The Sussex group started their application with JMS in 2019. They are a group of 6 young people who had been friends for many years. They decided they wanted to live together in the area that they had grown up in.
Through JMS Trust grant funding the group were able to transform the house, making a range of adaptations and improvement to make sure the house is fit for purpose and suits everyone who lives there. Particularly the funding was used to update internal and external staircases, update plumbing and bathrooms and install new safety measures such as a front gate to create a break between the house and a busy road and a video entrance system.
Their project has recently completed with the final young person moving in in January 2020.
One parent, Catherine, told us about the groups experience setting up the project.
The families in our group had experienced failing or poor-quality care for our young adult children. Some were placed in care homes with very little opportunity to learn and develop, or even to enjoy the freedoms of living their own lives in their own way.
We also felt that it was important to develop a community of families which would ensure far stronger support for the future. We found a highly committed and experienced person to lead our new provision.
Springfield House is fully functional and is providing outstanding care and support for our children.
The house is based in Sussex, we picked the location so that our young people can access the wide variety of opportunities presented by living near the sea and in a city.
One of the unique aspects of Springfield House is the combination of ethical, non-for-profit care and support, together with input from a Lifelong Learning Manager, who has great experience of setting out learning and development programmes people with learning disabilities.
All the young people have a severe learning disability with complex needs, yet there is a clear belief that they can acquire skills and develop their own choices. There is a clear and unwavering focus on outcomes and quality of life.
The grant from JMS has enabled our children to live in a home where the provider is able to excel in the delivery of support in an outstanding physical environment.
Setting up a supported living service is quite a complex process.
The biggest challenge has been working with the local authority and timing the project through its different stages. Each family has had to manage the process for their young person in terms of the local authority.
The overall project involved careful management and co-ordination of each step. For those young adults moving out of the care home environment, the move into a less restrictive and institutionalised setting is a clear argument.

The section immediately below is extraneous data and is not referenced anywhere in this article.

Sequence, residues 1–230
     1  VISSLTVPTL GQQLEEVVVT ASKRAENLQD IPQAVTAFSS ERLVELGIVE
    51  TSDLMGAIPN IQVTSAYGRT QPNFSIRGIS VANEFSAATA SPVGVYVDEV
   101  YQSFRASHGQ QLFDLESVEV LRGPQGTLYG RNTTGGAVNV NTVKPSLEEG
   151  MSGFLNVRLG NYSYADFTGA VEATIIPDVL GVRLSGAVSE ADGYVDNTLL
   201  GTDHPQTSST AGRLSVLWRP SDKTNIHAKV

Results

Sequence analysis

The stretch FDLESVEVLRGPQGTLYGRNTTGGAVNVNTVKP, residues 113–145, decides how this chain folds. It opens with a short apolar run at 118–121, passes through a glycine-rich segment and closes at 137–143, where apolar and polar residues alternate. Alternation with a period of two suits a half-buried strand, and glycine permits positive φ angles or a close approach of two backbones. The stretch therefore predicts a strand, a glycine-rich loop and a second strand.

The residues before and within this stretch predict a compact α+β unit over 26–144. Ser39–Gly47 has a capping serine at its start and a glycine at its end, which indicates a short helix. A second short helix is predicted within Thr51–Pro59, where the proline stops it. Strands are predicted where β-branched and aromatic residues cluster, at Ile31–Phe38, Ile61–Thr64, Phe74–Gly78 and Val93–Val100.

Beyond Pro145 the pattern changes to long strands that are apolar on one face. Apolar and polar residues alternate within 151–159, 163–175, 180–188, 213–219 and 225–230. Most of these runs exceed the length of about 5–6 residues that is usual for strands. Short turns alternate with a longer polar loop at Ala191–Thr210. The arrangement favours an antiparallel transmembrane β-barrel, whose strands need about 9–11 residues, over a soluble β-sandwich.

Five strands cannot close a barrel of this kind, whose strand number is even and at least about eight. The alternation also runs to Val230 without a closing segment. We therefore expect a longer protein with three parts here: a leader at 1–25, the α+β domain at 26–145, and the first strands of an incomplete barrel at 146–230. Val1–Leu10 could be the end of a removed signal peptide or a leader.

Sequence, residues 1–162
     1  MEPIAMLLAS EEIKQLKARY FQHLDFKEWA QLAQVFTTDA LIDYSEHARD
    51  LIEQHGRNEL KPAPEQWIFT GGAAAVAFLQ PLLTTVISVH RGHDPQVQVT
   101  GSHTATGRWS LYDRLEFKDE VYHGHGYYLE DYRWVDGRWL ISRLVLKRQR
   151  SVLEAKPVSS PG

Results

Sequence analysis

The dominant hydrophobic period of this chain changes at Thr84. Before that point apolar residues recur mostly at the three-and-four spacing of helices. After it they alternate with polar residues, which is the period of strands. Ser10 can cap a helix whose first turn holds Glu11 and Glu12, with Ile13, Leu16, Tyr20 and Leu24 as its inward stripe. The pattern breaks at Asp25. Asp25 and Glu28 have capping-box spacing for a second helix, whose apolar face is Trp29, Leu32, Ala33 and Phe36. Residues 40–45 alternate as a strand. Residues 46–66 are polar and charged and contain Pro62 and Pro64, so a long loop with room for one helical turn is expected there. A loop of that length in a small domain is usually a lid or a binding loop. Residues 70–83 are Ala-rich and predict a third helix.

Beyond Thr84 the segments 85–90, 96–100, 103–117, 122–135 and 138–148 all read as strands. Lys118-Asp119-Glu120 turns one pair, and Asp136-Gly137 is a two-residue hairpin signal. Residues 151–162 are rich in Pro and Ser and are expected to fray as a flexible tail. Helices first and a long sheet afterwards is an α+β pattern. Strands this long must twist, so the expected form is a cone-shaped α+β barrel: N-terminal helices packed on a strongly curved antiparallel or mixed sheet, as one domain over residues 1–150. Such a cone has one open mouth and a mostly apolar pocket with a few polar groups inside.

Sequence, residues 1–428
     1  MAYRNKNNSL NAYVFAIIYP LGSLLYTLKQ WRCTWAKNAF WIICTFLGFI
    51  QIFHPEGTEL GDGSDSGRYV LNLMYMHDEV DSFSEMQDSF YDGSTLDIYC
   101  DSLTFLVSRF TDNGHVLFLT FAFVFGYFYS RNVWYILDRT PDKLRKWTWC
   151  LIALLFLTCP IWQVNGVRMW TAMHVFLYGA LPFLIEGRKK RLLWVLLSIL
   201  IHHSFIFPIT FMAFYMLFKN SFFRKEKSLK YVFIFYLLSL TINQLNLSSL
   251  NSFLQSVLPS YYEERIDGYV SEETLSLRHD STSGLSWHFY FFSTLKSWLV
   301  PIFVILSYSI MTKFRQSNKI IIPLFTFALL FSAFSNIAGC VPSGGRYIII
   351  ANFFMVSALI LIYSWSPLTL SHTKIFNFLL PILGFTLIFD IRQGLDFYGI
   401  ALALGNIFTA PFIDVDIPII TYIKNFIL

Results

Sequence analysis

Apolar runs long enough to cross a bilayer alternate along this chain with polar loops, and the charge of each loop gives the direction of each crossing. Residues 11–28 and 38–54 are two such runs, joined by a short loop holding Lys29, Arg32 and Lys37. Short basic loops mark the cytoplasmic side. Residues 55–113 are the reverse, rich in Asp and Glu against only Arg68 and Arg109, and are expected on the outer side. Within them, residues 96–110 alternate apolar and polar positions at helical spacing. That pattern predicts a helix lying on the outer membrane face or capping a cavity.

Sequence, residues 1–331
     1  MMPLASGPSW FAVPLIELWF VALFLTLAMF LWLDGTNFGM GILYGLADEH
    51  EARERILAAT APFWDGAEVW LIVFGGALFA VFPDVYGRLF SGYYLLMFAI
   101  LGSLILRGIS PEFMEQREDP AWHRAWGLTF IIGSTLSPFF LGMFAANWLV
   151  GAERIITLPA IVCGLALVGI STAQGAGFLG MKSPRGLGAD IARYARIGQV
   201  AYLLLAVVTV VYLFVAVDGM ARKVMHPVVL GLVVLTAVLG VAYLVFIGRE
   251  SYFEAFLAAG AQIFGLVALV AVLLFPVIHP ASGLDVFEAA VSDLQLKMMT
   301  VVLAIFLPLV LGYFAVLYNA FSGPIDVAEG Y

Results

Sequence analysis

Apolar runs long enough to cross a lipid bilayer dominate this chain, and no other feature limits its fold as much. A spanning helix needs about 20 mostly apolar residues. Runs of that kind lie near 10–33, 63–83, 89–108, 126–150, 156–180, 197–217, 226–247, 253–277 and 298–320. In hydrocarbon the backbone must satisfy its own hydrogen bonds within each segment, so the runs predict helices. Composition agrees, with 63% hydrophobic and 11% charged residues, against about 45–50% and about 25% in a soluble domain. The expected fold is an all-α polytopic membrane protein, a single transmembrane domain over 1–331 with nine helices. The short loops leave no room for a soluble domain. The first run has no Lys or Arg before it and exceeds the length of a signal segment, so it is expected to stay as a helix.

In other cases, the arguments were founded on unmet needs and the failings of other providers. One family had to apply to the Court of Protection to get the move agreed and won.
Our local authority has been risk averse and prone to ‘status quo’ thinking. Ironically, now that Springfield House is running, the LA social workers want more places.
Work on an individual basis with social services for your family member and do not present to them as a pre-defined group.
Work as a group with defined roles to set the project up. What special skills can you bring to the group? eg IT skills, graphic design, accounting, outreach with the broader community, research etc.
Give the project plenty of time to evolve. How will you manage financing the work of your care provider during the set up, which may well take a year or two? Alternatively, you may choose to access the support from another established company, which would not require this.
Have a really clear vision and work dynamically with that vision and with the provider.
It has taken hard work and commitment but the rewards are incredible. Seeing these young disabled adults enjoying the best quality of life possible is something we all appreciate every single day.
Springfield House was already a registered HMO, but significant alterations were needed for the community with severe learning disabilities, including the following:
The Springfield House tenants lack mental capacity and are not able to express themselves verbally. However, it is evident every single day what this project means to them.
One individual had epileptic seizures every 7 to 8 days, but within months has achieved a seizure free episode of 41 days. His neurologist puts this down in a recent email to a calmer and happier lifestyle.
His previous placement involved huge stress and he was assaulted on a number of occasions. It is hard to put into words, his genuine delight at living in his new home with outstanding support, maximum freedom and close to family.
"All the residents love their new home and are enjoying a fantastic quality of life. The JMS Trustees have made our dreams a reality. "